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Pancreatitis Overview.


GeneReviews® [Internet]. Seattle (WA): University of Washington, Seattle; 1993-2020.
2014 Mar 13.

Author information

Department of Medicine, Division of Gastroenterology, Hepatology, and Nutrition, University of Pittsburgh, Pittsburgh, Pennsylvania
Genetic Counselor, GeneDx, Gaithersburg, Maryland
Departments of Medicine, Cell Biology & Physiology, and Human Genetics, Division of Gastroenterology, Hepatology, and Nutrition, University of Pittsburgh & University of Pittsburgh Medical Center, Pittsburgh, Pennsylvania



Pancreatitis is inflammation of the pancreas that progresses from acute (sudden onset; duration <6 months) to recurrent acute (>1 episode of acute pancreatitis) to chronic (duration >6 months). The range of symptoms and disease course vary from person to person. Familial pancreatitis, defined as pancreatitis from any cause that occurs in a family with an incidence that is greater than would be expected by chance alone, can be non-genetic or genetic, the latter including autosomal dominant hereditary pancreatitis and pancreatitis syndromes characterized by pancreatitis or pancreatic insufficiency. The majority of familial pancreatitis appears to have a complex, multigenic, or gene-environmental etiology with a variable number of germline pathogenic variants in genes that affect trypsin regulation, including CASR, CTRC, and CLDN2. Hereditary pancreatitis (HP) is defined as either two or more individuals with pancreatitis in two or more generations of a family (i.e., an autosomal dominant pattern of inheritance) or pancreatitis associated with a germline PRSS1 disease-causing gain-of-function variant. The phenotype of hereditary pancreatitis is increased susceptibility to acute pancreatitis, with complications such as chronic inflammation, fibrosis, and chronic pain in some affected individuals. Heterozygous pathogenic variants in PRSS1 are found in 60%-100% of families with hereditary pancreatitis, and most large families with pancreatitis spanning multiple generations; biallelic pathogenic variants in SPINK1 or biallelic pathogenic variants in CFTR result in autosomal recessive pancreatitis. Syndromes in which pancreatitis is a finding include: Pearson marrow pancreas syndrome, CEL maturity-onset diabetes of the young (CEL-MODY), and Johanson-Blizzard syndrome. Shwachman-Diamond syndrome, an autosomal recessive disorder, includes pancreatic exocrine insufficiency as well as other features. Idiopathic sporadic pancreatitis is a single occurrence of pancreatitis in a family for which no etiology is identified.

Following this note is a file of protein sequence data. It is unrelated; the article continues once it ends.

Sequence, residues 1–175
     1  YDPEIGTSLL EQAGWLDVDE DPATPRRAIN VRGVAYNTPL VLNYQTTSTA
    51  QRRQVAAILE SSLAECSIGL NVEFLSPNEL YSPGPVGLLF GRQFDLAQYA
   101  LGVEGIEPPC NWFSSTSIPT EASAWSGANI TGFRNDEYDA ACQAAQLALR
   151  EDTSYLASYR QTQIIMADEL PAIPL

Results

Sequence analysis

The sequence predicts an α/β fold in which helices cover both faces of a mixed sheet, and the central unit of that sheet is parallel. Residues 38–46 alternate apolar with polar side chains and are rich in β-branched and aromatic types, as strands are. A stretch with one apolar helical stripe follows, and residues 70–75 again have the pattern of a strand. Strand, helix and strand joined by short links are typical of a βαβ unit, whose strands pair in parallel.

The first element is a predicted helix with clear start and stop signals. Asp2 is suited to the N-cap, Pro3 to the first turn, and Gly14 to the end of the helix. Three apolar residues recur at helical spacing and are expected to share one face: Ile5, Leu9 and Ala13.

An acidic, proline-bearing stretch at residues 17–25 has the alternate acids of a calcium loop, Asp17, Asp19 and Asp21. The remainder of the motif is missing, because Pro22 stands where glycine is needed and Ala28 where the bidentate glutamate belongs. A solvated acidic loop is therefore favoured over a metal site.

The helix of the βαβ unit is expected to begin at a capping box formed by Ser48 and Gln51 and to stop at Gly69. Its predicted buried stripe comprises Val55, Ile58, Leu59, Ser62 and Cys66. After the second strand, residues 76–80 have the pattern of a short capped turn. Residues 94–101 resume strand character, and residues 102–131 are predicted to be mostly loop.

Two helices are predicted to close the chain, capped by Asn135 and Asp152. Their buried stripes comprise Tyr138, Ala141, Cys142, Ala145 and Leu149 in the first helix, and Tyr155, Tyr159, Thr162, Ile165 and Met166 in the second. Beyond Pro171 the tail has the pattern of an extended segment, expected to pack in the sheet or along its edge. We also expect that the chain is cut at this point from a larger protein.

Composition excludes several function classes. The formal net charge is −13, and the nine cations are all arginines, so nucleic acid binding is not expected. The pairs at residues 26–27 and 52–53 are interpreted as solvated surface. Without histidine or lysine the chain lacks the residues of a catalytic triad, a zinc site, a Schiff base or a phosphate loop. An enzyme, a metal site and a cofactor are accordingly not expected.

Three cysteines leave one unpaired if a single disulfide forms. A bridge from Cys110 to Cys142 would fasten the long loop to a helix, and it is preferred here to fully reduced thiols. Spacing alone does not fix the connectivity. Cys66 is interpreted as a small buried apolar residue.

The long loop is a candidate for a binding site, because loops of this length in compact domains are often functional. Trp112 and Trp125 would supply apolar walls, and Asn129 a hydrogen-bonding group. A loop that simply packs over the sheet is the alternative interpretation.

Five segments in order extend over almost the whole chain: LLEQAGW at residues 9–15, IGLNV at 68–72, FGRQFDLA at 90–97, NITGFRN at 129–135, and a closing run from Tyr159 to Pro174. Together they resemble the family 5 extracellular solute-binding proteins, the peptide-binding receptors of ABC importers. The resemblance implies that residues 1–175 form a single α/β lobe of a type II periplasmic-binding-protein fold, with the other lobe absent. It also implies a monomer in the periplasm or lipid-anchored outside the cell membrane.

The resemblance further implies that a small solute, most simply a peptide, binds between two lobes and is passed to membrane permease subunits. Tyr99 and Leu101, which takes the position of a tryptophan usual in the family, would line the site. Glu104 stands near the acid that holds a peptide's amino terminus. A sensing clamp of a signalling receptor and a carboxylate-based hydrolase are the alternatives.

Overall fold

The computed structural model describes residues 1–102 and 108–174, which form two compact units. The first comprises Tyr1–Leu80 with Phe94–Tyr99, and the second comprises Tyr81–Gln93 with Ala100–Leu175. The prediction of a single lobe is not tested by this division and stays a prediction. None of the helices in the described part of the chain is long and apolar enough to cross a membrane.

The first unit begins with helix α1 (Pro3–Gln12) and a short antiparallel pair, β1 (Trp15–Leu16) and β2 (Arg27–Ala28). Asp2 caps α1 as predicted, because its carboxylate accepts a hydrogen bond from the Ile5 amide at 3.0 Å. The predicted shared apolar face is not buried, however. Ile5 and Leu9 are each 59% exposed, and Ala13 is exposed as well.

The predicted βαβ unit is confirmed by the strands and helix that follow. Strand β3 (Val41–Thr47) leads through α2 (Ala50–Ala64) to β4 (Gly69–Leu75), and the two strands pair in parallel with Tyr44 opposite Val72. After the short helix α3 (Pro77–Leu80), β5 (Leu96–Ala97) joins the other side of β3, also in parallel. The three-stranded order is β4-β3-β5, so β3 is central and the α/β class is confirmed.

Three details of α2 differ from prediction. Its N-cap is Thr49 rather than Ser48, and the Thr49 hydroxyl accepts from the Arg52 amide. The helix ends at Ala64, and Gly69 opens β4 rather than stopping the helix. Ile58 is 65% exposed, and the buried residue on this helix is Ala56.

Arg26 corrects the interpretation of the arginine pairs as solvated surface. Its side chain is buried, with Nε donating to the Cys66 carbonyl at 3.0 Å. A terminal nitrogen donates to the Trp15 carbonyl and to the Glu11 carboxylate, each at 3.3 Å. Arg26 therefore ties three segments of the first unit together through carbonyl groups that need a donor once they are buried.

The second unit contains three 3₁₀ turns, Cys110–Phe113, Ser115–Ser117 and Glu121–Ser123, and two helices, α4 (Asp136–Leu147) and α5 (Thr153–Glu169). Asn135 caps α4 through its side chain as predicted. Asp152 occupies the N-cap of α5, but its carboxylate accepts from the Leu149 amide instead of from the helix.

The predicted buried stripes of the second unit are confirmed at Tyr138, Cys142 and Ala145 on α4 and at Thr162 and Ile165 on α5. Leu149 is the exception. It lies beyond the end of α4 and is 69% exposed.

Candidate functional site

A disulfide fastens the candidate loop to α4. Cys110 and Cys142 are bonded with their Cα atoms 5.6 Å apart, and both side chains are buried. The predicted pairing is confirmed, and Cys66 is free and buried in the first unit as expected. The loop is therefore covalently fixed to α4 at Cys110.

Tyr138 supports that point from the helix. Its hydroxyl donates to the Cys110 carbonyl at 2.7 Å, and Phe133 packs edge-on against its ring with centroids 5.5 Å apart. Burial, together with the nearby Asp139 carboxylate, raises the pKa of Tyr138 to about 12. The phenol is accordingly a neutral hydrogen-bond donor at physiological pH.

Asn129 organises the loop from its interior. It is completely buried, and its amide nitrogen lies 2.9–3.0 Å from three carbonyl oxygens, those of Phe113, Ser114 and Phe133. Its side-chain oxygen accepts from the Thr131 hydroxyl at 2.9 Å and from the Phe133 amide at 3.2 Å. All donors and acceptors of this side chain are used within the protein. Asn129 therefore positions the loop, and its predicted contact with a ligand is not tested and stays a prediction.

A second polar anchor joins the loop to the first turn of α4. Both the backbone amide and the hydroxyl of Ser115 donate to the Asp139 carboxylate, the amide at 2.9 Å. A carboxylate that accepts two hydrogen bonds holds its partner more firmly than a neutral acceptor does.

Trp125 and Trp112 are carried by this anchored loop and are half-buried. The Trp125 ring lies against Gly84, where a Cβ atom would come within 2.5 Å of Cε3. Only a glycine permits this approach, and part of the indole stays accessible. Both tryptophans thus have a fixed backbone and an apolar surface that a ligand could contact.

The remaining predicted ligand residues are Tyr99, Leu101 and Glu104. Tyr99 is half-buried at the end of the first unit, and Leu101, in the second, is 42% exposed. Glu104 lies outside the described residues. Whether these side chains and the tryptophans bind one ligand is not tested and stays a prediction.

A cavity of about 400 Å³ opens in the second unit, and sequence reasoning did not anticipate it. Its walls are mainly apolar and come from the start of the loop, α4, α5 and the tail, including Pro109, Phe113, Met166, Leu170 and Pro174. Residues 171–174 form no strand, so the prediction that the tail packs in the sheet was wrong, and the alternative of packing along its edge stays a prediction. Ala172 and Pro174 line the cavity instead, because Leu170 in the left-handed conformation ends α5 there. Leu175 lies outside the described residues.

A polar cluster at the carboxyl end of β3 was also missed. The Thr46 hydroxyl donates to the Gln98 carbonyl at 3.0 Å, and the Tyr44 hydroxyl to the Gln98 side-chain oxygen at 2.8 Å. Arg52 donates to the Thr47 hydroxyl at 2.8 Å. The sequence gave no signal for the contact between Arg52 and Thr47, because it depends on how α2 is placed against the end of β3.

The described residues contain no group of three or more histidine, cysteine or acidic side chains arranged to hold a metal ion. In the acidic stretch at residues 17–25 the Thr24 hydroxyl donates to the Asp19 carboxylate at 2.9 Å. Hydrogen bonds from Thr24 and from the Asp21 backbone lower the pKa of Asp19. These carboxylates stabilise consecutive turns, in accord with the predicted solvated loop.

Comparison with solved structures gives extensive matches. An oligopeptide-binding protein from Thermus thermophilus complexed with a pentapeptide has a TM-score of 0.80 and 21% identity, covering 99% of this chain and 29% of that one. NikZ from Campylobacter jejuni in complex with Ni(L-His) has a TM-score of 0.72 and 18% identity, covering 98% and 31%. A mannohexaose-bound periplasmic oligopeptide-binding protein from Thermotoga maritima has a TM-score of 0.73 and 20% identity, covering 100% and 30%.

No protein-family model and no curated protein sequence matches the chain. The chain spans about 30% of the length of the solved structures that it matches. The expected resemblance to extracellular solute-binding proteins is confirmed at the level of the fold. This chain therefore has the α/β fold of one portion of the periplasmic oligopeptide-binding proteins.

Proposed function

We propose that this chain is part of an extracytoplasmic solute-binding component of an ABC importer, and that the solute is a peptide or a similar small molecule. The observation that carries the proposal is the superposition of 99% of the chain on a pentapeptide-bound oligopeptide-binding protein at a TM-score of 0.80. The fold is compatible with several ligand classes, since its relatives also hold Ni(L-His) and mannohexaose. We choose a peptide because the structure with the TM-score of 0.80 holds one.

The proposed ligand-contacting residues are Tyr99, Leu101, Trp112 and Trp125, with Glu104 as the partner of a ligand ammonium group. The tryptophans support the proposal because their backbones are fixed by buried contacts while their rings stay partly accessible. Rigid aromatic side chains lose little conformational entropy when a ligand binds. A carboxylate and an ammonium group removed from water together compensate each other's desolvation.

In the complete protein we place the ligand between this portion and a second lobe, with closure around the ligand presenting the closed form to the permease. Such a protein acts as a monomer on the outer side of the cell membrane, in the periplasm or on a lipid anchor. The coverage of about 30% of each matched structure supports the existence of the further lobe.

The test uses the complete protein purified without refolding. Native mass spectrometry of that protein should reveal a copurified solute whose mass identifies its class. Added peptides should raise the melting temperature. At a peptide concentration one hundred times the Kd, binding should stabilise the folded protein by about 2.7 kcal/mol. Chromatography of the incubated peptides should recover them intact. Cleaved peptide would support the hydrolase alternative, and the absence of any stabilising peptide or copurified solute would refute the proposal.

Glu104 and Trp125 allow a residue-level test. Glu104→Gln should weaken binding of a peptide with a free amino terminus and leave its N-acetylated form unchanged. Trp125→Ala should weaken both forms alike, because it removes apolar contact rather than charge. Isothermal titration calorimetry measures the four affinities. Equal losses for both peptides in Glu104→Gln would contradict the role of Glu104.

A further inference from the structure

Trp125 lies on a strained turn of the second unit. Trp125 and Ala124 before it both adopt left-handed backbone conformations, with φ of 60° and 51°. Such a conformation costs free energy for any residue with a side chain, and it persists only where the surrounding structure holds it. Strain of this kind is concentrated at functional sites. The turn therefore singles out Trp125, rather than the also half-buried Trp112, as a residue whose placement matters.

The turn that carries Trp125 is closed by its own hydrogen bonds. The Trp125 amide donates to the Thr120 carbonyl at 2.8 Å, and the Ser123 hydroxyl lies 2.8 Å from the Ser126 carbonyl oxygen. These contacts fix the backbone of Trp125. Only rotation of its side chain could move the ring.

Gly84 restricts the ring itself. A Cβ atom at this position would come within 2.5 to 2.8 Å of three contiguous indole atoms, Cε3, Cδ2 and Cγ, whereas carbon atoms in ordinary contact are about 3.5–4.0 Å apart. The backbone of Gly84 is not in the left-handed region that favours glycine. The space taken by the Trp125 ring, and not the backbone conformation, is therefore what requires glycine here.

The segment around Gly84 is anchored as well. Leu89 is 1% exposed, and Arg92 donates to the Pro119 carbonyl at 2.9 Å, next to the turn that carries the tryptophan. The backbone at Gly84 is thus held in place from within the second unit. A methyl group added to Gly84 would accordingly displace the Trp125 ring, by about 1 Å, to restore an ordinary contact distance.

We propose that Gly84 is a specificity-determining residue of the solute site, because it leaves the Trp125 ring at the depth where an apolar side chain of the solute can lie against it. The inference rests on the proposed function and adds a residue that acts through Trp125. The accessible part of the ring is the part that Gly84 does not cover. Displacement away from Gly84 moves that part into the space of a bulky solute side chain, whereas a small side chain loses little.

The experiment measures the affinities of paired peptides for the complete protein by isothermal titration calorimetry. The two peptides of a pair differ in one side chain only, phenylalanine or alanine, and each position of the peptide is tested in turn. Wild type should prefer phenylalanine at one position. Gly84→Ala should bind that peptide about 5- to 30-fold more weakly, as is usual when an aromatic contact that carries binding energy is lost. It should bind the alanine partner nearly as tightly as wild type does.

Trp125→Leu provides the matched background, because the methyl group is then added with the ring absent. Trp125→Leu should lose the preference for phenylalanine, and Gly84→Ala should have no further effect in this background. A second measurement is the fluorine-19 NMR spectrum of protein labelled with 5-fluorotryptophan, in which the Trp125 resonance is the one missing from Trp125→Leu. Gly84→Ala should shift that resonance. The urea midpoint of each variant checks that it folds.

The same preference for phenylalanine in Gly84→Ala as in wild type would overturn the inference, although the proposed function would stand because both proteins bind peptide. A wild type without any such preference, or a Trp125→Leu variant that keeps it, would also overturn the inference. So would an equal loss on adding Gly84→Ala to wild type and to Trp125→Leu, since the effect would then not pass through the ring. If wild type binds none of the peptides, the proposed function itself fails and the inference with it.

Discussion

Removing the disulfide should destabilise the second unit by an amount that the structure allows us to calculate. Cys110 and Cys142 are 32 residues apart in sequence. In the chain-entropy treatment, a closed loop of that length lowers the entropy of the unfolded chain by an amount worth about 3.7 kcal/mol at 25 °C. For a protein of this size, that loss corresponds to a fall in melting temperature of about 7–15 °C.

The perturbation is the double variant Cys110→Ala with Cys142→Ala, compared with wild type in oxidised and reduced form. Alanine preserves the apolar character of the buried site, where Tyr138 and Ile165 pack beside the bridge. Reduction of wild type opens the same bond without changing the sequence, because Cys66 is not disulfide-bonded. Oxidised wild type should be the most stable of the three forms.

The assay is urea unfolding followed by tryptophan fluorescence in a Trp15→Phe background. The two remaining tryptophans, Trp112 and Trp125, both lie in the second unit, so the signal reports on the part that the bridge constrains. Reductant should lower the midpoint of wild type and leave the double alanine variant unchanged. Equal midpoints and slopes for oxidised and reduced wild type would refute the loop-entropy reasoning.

Establishing the diagnosis and cause of hereditary pancreatitis relies on medical history, family history, and/or molecular genetic testing, which can be either single-gene (monogenic) testing or use of a multigene panel. Although a multigene panel that includes PRSS1 along with SPINK1, CFTR, and CTRC may be considered, it should be noted that (1) the presence of isolated pathogenic variants in the latter three genes is insufficient to cause pancreatitis and (2) many variants of uncertain significance are likely to be identified.


Hereditary pancreatitis can occur as part of a rare genetic syndrome or as an isolated finding. The risk to family members depends on the underlying etiology. Pathogenic variants associated with an increased risk for pancreatitis as an isolated finding may be inherited in an autosomal dominant, autosomal recessive, or multigene manner; such pathogenic variants may be classified as disease causing, conferring susceptibility, or disease modifiers.


Treatment of manifestations: Management for hereditary pancreatitis is currently similar to that for non-hereditary pancreatitis. Treatment of acute pancreatitis usually focuses on pain management and discontinuation of smoking and alcohol use to slow the rate of progression and to decrease the likelihood of complications, including pancreatic cancer. Treatment of chronic pancreatitis focuses on improving quality of life by managing pancreatic pain, maldigestion, and diabetes mellitus. Total pancreatectomy with islet autotransplantation (TPIAT) should be used only as a last resort to manage patients with severe manifestations of pancreatitis. Prevention of primary manifestations: The ability to prevent the primary manifestations of hereditary pancreatitis (regardless of genetic cause) is limited. The following recommendations (beginning in early childhood) for individuals with (or at risk for) hereditary pancreatitis can help prevent attacks of acute pancreatitis: Low-fat diet, multiple small meals, good hydration, antioxidants, and cessation/abstinence from smoking and alcohol use. Agents/circumstances to avoid: Alcohol and tobacco use, dehydration, and physical and emotional stresses Evaluation of relatives at risk: It is recommended that relatives at risk for PRSS1-related hereditary pancreatitis be offered molecular genetic testing for the family-specific germline PRSS1 pathogenic variant to allow early diagnosis, prevention, and management of symptoms

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